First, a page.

Limitations of TEDS
Interpretation of the Data
Organization of the Report
This report presents results from the Treatment Episode Data Set (TEDS) for clients discharged from substance abuse treatment in 2005. The report provides information on treatment completion, length of stay in treatment, and demographic and substance abuse characteristics of approximately 1.5 million discharges from alcohol or drug treatment in facilities that report to individual State administrative data systems. The Office of Applied Studies (OAS), Substance Abuse and Mental Health Services Administration (SAMHSA), coordinates and manages collection of TEDS data from the States. (Additional information on TEDS, its history, and its relationship to SAMHSA’s other data collection activities can be found in Appendix A.)
The TEDS system is comprised of two major components, the Admissions Data Set and the Discharge Data Set. The TEDS Admissions Data Set is an established program that has been operational for over 10 years. It includes data on substance abuse treatment admissions that are routinely collected by States to monitor their individual substance abuse treatment systems. The TEDS Discharge Data Set is more recently established, with the first data reported in Year 2000. For both data sets, selected data items from the individual State data files are converted to a standardized format consistent across States. These standardized data constitute TEDS.
The TEDS Admissions Data Set consists of a Minimum Data Set collected by all States, and a Supplemental Data Set collected by some States. The Minimum Data Set consists of 19 items that include:
The Supplemental Data Set includes 15 items that include psychiatric, social, and economic measures.
The TEDS Discharge Data Set was designed to enable TEDS to collect information on entire treatment episodes. States are asked to submit data for all discharges from substance abuse treatment. Discharge data, when linked to admissions data, represent treatment episodes that enable analyses of questions that cannot be answered with admissions data alone, for example, the proportion of discharges that completed treatment and the average length of stay of treatment completers.
A total of 34 States submitted complete discharge data for clients discharged in 2005; therefore, the data presented in this chapter do not represent all discharges in all States.
Items on the discharge record include:
Limitations of TEDS
TEDS, while comprising a significant proportion of all admissions to substance abuse treatment, does not include all such admissions. TEDS is a compilation of facility data from State administrative systems. The scope of facilities included in TEDS is affected by differences in State licensure, certification, accreditation, and disbursement of public funds. For example, some State substance abuse agencies regulate private facilities and individual practitioners, while others do not. In some States, hospital-based substance abuse treatment facilities are not licensed through the State substance abuse agency. Some State substance abuse agencies track treatment in correctional facilities (State prisons and local jails), while others do not.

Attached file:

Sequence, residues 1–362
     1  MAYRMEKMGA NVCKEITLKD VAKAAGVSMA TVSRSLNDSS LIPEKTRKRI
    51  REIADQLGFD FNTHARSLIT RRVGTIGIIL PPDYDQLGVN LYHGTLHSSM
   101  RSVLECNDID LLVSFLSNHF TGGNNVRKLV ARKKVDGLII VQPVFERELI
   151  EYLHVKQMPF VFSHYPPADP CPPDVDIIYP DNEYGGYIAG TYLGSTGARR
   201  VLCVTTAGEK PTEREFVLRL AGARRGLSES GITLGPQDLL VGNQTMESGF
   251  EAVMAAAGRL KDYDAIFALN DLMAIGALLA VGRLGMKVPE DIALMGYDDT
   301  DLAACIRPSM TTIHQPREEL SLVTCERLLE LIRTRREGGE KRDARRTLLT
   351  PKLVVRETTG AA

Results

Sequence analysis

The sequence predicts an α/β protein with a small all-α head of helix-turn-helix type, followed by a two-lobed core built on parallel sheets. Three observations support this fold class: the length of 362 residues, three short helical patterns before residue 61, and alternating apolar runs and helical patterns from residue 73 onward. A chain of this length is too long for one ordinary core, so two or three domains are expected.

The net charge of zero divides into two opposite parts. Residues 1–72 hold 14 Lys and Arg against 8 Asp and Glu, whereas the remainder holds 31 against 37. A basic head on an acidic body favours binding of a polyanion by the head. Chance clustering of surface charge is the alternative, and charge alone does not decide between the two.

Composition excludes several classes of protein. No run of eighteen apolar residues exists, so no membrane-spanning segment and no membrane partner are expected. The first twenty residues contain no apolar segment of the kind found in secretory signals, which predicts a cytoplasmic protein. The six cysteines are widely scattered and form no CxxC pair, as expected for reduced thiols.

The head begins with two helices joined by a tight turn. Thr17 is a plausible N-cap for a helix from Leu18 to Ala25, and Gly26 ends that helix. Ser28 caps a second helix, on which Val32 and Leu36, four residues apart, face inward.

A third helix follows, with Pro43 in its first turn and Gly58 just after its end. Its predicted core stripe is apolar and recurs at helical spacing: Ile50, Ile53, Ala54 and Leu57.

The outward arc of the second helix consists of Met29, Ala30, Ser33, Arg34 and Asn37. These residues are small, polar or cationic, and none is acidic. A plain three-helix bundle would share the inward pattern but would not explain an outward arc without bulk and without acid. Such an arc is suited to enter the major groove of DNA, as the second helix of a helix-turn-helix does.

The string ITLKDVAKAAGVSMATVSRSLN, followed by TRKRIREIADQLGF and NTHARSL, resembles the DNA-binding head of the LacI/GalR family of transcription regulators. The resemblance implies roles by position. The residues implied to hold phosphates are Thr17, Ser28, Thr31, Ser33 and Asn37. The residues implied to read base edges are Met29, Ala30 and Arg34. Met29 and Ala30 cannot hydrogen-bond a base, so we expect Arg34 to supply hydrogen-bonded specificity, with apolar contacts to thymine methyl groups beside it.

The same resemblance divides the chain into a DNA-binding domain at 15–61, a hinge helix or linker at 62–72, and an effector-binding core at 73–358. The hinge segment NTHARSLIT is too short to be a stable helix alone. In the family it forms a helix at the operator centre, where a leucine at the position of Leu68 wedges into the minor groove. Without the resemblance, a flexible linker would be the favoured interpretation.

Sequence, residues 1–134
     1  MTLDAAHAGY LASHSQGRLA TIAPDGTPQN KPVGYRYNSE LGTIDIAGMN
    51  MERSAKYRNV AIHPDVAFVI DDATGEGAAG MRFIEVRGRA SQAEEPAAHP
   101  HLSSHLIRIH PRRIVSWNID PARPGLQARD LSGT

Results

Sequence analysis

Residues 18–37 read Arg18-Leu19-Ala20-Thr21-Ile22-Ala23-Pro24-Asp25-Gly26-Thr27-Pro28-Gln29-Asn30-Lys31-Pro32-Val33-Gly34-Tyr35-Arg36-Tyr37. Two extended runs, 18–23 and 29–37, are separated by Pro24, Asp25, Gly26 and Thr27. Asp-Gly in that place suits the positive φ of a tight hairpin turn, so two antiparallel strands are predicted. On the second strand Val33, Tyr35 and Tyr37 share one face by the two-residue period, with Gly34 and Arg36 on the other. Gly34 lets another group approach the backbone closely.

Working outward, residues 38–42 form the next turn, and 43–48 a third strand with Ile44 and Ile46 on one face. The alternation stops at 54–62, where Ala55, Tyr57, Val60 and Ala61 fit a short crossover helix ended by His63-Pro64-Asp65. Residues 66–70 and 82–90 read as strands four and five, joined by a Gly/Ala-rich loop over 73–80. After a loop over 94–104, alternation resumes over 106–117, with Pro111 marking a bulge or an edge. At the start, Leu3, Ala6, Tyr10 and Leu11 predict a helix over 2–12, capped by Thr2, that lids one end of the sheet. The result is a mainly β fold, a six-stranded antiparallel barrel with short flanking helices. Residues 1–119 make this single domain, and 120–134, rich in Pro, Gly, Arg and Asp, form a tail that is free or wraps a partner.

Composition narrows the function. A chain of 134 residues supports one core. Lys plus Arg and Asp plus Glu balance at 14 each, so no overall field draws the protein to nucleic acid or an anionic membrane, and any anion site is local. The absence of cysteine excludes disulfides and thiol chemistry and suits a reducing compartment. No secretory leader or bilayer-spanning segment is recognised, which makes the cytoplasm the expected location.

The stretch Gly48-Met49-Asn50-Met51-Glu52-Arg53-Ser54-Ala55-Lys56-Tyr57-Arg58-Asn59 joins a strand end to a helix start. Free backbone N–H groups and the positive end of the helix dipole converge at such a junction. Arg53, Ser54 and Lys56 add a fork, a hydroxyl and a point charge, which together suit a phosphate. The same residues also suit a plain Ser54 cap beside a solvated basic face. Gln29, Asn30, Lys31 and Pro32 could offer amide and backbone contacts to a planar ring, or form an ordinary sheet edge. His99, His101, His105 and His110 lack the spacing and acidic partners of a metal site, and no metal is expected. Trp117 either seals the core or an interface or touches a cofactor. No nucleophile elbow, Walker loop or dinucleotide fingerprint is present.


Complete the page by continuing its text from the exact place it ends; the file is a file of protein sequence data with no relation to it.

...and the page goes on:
In general, facilities reporting TEDS data receive State alcohol and/or drug agency funds (including Federal Block Grant funds) for the provision of alcohol and/or drug treatment services. Most States are able to report all admissions to all eligible facilities, although some report only admissions financed by public funds. States may report data from facilities that do not receive public funds, but generally do not because of the difficulty in obtaining data from these facilities. TEDS generally does not include data on facilities operated by Federal agencies, including the Bureau of Prisons, the Department of Defense, and the Department of Veterans Affairs. However, some facilities operated by the Indian Health Service are included.
The primary goal of TEDS is to monitor the characteristics of treatment episodes for substance abusers. Implicit in the concept of treatment is a planned, continuing treatment regimen. Thus TEDS does not include early intervention programs that are considered to be prevention programs. Crisis intervention facilities such as sobering-up stations and hospital emergency departments generally are not included in TEDS.
TEDS is a large and powerful data set. Like all data sets, however, care must be taken that interpretation does not extend beyond the limitations of the data. Limitations fall into two broad categories: those related to the scope of the data collection system, and those related to the difficulties of aggregating data from highly diverse State data collection systems.
Limitations to be kept in mind while analyzing TEDS data include:
Interpretation of the DataConsiderations specific to this report include:
Organization of the Report
Chapter 2 comprises general information about the linked admission/discharge records in the report.
Chapters 3 to 10 comprise a set of tables detailing reason for discharge for each of eight discrete service types. Each table represents an item in the TEDS Minimum Data Set (e.g., gender, age, race/ethnicity), and includes number, percent distribution, percent completion, and median and average (mean) lengths of stay in days.Six service types exclude records where opioid replacement therapy was planned as part of treatment:
Appendix A details the background of the Treatment Episode Data Set.
Appendix B contains the definitions of the response categories for items in the Minimum and Discharge data sets.
Appendix C contains the average (mean) length of stay (LOS) in days, the maximum LOS in days, and the standard deviation of the mean for all mean values shown in the report tables. The tables are organized by service type, variable value, and reason for discharge.
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